A flawed law

A flawed law

As if one destabilized country bordering Israel — Syria — wasn’t enough, another even more significant neighbor — Egypt — threatens to spiral into civil war.

That’s not hyperbole; it could happen.

Some of us may have felt relief, satisfaction even, when the Egyptian army deposed President Mohammed Morsi of the Muslim Brotherhood last week. Morsi was no friend of Israel. He and his Brotherhood cohorts were guilty of fanning the flames of anti-Israel and anti-Semitic sentiment in their country.

But Monday’s mass shootings at a demonstration outside Republican Guard headquarters was a sobering experience. More than 50 people were killed, mostly Morsi’s supporters, and 435 were injured, according to some news reports.

That incident, which showed just how volatile the situation is, will only inflame the Brotherhood, which, until, last week, finally had the taste of the power it has sought for years. It will fight back.

Unlike the opposition in Syria at the outbreak of that country’s civil war, the Brotherhood is organized and well connected in the Middle East. It also is motivated by a religious philosophy, which can be deadly in that part of the world.

If civil war does break out in Egypt, it won’t be long before Israel feels the impact. The Sinai Peninsula, already a largely lawless region, could explode. Ansar Bayt al-Maqdes, an Islamic militant group, which operates in Sinai, claimed to have launched two rockets into Eilat on Thursday, July 4 — one day after the army ousted Morsi. Could more attacks be in the offing?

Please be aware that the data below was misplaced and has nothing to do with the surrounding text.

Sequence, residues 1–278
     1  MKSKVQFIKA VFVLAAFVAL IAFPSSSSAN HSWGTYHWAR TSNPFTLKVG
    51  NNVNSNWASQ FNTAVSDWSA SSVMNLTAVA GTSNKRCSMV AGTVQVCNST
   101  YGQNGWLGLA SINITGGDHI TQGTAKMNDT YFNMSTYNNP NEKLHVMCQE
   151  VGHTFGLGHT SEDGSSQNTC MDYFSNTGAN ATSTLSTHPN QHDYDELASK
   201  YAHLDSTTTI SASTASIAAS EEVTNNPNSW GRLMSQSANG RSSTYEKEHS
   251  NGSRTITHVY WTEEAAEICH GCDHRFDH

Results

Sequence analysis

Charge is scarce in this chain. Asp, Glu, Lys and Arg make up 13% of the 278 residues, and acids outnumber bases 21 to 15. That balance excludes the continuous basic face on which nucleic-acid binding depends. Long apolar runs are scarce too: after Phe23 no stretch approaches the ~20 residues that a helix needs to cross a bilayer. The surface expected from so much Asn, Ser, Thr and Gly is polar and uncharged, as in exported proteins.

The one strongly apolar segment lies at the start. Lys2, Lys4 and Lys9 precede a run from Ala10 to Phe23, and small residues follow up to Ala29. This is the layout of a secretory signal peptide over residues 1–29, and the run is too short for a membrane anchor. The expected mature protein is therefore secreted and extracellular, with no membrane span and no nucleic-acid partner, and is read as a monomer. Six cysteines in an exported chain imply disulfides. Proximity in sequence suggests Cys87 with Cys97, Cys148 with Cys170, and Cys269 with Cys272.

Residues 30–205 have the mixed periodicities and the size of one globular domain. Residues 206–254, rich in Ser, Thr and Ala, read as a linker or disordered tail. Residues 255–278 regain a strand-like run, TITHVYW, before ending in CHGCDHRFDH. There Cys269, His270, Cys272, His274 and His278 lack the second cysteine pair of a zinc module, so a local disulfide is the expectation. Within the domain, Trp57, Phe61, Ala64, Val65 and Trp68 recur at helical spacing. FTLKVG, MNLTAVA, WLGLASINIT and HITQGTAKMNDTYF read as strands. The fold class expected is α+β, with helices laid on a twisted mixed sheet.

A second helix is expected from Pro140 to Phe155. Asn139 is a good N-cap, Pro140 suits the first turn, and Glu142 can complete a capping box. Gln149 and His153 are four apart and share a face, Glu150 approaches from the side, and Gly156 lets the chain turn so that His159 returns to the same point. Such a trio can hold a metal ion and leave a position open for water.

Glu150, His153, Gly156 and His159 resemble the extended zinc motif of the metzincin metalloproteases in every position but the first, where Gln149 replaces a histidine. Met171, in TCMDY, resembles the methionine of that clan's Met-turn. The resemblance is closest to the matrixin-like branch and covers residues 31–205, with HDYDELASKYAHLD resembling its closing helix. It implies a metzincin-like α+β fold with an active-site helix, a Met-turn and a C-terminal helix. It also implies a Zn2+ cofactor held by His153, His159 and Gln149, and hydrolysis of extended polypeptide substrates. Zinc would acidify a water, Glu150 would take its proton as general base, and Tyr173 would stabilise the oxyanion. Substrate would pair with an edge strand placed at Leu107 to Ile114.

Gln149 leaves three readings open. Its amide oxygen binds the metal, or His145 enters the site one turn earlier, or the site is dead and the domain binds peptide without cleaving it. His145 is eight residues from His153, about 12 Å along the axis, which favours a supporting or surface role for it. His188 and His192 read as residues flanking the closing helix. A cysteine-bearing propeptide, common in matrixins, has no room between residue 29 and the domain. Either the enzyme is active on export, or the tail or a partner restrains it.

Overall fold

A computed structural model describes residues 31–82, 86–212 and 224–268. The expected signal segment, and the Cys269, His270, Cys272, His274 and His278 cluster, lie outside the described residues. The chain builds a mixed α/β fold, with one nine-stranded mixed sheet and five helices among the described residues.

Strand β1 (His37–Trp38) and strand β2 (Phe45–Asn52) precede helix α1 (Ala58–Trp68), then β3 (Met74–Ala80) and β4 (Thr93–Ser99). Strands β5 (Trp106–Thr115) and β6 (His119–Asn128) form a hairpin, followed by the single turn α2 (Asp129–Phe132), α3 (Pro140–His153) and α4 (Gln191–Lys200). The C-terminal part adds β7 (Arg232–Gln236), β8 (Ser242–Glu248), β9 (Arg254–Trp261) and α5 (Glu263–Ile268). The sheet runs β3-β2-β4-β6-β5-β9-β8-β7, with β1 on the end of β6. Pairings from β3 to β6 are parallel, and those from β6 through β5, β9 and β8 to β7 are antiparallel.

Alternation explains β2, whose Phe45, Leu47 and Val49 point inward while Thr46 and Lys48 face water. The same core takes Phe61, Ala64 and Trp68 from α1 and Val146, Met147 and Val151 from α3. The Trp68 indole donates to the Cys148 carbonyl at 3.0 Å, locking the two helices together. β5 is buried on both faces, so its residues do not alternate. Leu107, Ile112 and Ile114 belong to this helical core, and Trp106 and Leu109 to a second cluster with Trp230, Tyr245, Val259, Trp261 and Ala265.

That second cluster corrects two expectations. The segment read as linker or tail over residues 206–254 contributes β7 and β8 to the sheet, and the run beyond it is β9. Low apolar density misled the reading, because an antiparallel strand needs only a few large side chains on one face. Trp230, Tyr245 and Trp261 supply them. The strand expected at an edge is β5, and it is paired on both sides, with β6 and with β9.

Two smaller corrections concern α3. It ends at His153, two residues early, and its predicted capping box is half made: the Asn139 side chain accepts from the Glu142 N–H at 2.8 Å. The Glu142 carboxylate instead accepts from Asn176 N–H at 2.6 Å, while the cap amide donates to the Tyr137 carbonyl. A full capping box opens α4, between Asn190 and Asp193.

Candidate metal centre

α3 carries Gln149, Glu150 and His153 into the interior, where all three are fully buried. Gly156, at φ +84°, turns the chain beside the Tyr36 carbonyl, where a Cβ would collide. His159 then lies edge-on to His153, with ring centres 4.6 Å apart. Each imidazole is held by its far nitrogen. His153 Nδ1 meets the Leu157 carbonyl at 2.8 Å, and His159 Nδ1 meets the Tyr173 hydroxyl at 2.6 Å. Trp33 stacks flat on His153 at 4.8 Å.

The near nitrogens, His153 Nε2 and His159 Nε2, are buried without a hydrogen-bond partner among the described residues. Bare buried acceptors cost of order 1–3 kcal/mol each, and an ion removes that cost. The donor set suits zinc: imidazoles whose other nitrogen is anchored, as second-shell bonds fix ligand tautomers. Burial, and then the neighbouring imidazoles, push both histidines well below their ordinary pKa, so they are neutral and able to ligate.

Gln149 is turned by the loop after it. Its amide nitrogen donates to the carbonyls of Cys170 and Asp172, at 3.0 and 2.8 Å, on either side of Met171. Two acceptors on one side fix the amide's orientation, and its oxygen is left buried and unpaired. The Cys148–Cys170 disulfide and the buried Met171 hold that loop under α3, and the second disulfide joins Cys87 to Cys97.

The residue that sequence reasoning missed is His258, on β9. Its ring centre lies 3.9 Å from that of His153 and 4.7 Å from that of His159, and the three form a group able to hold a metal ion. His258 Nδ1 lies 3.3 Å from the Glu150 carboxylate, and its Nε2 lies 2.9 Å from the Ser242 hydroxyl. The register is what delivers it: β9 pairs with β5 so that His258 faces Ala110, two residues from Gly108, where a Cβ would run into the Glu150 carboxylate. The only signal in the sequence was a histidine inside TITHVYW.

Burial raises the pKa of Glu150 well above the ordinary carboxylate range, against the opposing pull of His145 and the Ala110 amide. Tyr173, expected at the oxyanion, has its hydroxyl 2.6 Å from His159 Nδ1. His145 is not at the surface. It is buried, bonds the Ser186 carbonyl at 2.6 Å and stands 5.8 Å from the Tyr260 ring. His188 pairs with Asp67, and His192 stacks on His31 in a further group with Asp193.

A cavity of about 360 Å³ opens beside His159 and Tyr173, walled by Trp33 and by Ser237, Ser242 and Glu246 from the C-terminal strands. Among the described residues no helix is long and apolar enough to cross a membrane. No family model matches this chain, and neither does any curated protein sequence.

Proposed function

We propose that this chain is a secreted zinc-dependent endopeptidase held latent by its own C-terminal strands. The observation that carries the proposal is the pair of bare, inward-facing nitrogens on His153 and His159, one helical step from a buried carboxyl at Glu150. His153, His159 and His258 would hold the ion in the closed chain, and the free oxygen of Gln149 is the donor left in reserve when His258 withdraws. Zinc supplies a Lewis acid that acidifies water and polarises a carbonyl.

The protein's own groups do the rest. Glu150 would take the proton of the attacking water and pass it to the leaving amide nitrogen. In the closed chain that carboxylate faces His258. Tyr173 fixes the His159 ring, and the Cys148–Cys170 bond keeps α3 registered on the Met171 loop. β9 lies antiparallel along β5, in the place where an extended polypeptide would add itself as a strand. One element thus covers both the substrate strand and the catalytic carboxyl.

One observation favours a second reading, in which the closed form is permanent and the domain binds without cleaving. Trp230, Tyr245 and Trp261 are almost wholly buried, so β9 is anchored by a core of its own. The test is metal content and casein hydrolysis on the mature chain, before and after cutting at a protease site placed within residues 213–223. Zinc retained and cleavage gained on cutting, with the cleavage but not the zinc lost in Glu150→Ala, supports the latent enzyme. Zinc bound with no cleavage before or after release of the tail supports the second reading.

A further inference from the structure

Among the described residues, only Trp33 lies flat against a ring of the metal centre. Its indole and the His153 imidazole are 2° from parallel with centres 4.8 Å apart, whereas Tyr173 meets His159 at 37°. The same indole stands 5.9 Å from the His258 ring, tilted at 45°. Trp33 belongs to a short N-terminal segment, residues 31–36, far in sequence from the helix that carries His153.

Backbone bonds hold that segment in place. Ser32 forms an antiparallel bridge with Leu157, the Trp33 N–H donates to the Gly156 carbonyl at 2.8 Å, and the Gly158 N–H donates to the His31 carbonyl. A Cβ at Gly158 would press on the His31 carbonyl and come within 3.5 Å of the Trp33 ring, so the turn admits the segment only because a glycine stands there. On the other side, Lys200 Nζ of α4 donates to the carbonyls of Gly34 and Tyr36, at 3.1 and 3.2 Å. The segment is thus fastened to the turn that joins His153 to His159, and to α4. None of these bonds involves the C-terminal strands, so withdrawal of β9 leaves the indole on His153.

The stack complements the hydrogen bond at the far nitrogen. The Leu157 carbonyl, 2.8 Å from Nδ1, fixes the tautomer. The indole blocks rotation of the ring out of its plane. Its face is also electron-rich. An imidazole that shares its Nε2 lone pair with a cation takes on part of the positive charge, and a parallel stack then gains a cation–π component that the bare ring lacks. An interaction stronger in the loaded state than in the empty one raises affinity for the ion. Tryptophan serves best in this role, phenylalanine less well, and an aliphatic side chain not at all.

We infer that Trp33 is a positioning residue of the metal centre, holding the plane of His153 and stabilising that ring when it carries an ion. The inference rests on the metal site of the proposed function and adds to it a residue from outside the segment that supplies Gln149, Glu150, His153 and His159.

Then there’s the fear that the underground arms flow into Gaza could accelerate. If that happens, Israel, may feel compelled to deploy along the Strip’s border with Egypt. That could touch off a new round of fighting with Hamas.

We’re not saying these things will definitely happen — for now, the army is in control in Egypt — but if the situation deteriorates, then they’re possible. The Syrian civil war has already spilled over into Israel.

And that’s why a destabilized Egypt should be unacceptable to Israel — and to the United States.

The question is, what can be done?

From Israel’s standpoint, not much, which is probably why Prime Minister Benjamin Netanyahu’s government, as of Monday, still had not made an official statement. While the peace treaty between Egypt and Israel remains in force, it’s a cold peace.

The United States is a different story. We don’t have many cards to play in an increasingly radicalized Egypt, but as far as we are able to influence events, we should.

But we can only do that if we remain engaged.

Federal law prevents the administration from giving support to leaders of a military coup, which would require it to cut off $1.3 billion in military aid to Egypt. But that would also remove one of the few carrots the administration has to influence events.

We say that law is flawed and that the decision to cut foreign aid should be made on a case-by-case basis by the commander-in-chief.

Egyptian military leaders value that aid, which is probably one reason — there are many others — why the interim head of state has announced that new parliamentary elections will be held in six months.

Ironically, though, the Obama administration, which has carefully avoided using the word “coup,” could be compelled to punish the Egyptian military for removing a president who was openly hostile to Israel.

Is that really in our best interests?

Instability in Egypt serves no one — not the Egyptians, the Israelis or the Americans. No one. This chaotic situation needs to be controlled, and that means staying engaged.